I have a question about the recent Olympics. I love the figure skating, but wonder how often they smooth the ice like they do between periods at a hockey game. I know the show was edited, so did they smooth it after every skater and we simply didn't see it? Or do they do it after every few skaters? Or not at all? If that's the case, it seems to me the first skaters would have an advantage because they wouldn't run into the ruts left by previous skaters, which seems dangerous. -- L.T., of Belleville
I don't know about you, but I rarely give ice a second thought. Whether it be crushed, shaved or cubed, as long as it keeps my soda cold, it's just fine.
Good thing I didn't work at the Sochi Olympics. There, it took a slick team of technicians to both maintain and tweak ice surfaces for four very different sports -- hockey, curling, figure skating and speed skating.
The work was particularly difficult at the Iceberg Skating Palace, the site of both the figure skating and the speed skating events.
The problem is that the two sports have different preferences. The jumps and spins of figure skating are best done on a 25-degree surface while speed skaters zoom around fastest at 20 degrees.
That may not sound like much, but it took at least two hours to lower the surface temperature 5 degrees. And since ice makers tend to cater to the more popular figure skating, speed skaters sometimes were heard grumbling because they had to practice on slower ice.
As for the figure skating itself, the ice was smoothed after every two groups of skaters, Selina Vanier told me by e-mail. She's the communications coordinator for the International Skating Union in Lausanne, Switzerland, which has overseen competitive ice skating since 1892.
In Olympic competition, a group generally consists of four pairs, five dance teams or six single skaters. So in singles competition, they would smooth the ice after every 12 skaters, but don't worry -- that 12th skater does not face any appreciable added peril.
"There is no particular advantage for any skater because those skates glide easily over ruts," Vanier assured me. "The real priority is to make sure that there is nothing on the ice (thrown flowers, etc.) during the programs."
Besides, resurfacing the ice too often would "heat" the surface to temperatures above the desired 25-degree level. This would be a disadvantage until the refrigeration cooled the ice again.
Adding to the technicians' headaches were the relatively warm and humid winter conditions around Sochi, which is on the Black Sea coast. When the rinks were first used last fall, hockey players complained the ice was too soft and that they had to wear duller skates so they did not dig into the surface as much.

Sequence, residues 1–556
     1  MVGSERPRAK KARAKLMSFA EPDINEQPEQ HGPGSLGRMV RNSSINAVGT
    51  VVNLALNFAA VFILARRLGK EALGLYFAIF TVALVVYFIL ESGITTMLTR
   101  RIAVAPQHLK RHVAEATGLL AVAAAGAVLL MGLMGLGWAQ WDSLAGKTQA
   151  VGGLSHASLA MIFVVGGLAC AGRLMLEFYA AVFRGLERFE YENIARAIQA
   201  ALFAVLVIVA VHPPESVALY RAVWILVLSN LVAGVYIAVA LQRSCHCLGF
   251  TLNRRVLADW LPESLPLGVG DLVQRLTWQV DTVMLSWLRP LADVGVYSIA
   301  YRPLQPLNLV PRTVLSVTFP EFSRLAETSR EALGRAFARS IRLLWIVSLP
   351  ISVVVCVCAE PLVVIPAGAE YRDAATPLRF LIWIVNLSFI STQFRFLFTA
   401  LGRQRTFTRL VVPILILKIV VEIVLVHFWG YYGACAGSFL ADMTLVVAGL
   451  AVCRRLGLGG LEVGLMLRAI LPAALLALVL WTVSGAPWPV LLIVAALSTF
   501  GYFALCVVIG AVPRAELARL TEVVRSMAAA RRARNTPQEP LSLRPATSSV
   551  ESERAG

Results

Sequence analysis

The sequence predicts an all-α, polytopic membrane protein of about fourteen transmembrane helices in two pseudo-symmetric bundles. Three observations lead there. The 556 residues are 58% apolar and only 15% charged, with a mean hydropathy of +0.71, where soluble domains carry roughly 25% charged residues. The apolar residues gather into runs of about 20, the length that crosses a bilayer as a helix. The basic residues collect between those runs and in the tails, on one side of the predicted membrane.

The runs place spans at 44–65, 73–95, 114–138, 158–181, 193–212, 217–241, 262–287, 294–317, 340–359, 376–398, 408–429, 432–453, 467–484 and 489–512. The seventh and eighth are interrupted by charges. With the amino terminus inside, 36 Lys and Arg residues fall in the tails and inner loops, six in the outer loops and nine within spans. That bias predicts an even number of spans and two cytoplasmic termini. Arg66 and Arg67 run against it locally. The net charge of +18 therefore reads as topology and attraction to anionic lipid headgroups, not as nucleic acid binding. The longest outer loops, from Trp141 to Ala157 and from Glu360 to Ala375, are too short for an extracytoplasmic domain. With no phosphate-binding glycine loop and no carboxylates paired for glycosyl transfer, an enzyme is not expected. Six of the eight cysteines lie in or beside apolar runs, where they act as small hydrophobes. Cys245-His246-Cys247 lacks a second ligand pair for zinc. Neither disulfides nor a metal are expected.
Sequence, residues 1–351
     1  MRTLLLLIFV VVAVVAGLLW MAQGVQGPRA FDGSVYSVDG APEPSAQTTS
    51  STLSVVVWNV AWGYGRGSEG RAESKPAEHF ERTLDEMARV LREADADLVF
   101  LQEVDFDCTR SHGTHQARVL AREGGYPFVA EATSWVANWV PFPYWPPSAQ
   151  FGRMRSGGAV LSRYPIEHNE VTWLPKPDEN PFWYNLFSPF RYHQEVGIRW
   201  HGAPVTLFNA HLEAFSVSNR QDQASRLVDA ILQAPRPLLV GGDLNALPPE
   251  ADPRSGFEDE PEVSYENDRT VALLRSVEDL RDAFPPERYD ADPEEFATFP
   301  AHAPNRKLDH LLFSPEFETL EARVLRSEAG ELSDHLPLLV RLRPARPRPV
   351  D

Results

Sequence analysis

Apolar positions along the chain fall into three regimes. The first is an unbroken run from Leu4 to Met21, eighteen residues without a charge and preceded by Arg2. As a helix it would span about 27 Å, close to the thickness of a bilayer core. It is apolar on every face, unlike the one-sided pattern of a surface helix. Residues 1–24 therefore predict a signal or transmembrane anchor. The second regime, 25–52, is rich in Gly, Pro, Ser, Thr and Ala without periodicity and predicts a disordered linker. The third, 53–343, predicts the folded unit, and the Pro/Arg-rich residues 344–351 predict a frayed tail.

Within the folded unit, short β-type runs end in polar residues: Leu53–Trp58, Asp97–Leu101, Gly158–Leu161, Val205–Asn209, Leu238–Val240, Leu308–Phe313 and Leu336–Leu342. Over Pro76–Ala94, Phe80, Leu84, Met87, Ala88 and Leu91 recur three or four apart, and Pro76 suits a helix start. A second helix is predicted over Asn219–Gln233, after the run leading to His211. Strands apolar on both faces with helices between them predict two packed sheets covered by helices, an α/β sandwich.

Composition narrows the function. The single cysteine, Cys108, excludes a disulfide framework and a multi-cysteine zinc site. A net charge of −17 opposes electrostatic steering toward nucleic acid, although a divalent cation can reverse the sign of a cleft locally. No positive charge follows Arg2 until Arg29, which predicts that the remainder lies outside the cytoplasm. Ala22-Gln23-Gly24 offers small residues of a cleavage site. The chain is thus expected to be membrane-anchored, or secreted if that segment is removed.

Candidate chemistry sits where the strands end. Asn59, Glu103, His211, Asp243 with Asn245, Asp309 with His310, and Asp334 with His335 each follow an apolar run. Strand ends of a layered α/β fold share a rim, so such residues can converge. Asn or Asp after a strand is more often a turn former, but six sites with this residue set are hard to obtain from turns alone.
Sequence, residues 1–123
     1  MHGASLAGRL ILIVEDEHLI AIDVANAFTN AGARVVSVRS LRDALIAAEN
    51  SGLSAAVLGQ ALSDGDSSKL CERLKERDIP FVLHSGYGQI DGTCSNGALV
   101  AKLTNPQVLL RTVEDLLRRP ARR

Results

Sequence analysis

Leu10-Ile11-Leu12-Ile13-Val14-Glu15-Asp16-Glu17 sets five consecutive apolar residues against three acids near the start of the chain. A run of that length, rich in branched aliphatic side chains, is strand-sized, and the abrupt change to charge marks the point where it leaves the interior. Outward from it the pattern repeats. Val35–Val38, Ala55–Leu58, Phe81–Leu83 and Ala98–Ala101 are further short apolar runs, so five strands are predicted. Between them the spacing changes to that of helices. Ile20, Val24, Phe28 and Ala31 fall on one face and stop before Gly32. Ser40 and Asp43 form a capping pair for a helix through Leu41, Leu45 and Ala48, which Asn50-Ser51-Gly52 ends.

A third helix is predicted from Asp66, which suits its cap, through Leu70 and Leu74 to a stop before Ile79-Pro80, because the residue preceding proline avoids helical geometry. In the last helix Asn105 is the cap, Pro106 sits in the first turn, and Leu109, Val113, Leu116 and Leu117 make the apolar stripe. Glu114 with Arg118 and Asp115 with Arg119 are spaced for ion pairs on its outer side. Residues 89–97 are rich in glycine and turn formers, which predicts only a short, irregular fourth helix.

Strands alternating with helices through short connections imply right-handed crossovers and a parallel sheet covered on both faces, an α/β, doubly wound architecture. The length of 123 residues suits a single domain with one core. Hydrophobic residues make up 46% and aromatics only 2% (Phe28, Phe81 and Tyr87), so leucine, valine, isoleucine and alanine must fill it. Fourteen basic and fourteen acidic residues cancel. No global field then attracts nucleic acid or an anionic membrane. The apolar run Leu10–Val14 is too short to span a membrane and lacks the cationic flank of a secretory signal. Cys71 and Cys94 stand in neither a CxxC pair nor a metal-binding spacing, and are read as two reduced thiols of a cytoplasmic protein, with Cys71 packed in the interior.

So for several weeks, workers had to play around with the refrigeration units, air conditioning and the settings on the resurfacing machines.
For example, after the second period of games, they made the blades of the resurfacers dig a little deeper to get at the colder stuff underneath. Olympic teams responded with more favorable reviews, although they had to remember to keep hitting extra-hard passes, according to a story in the Los Angeles Times.
Then, there is perhaps the most laborious surface for curling. First, they lowered the floor temperature to 21 degrees before adding several layers of slightly acidic water along with the painted markings.
Finally came the trickiest part of all: putting down the textured surface known as "pebble" to control the speed and direction of the stones, which can weigh between 38 and 44 pounds.
Using water tanks strapped to their backs and waving something resembling a shower head, workers carefully spread an even layer of droplets that froze on contact when they hit the surface. A scraping machine then sliced the tops off these tiny ice bumps.
"Oh, there's lots of pressure," ice specialist Hans Wuthrich told the Times. "People have no idea what we go through. You can go to school to learn this, but that doesn't mean you are going to be good at it. You need to have the knack."
What did Lyndon Johnson often give as a gift so people thought of him first thing in the morning?
Answer to Sunday's trivia: Now 90, Earl Hamner Jr. is best remembered for writing the novel on which the 1963 movie "Spencer's Mountain" is based and the subsequent TV series "The Waltons." But he reportedly first earned a name for himself in Hollywood by writing the Jan. 26, 1962, episode of "The Twilight Zone" entitled "The Hunt" about a backwoods possum hunter who gets a little more than he bargained for on one of his hunts. Hamner would go on to write seven more episodes including one of my favorites, "Stopover in a Quiet Town" starring Barry Morse -- and the show's very last episode, "The Bewitchin' Pool" on June 19, 1964.
Send your questions to Roger Schlueter, Belleville News-Democrat, 120 S. Illinois St., P.O. Box 427, Belleville, IL 62222-0427 or email@example.com or call 618-239-2465.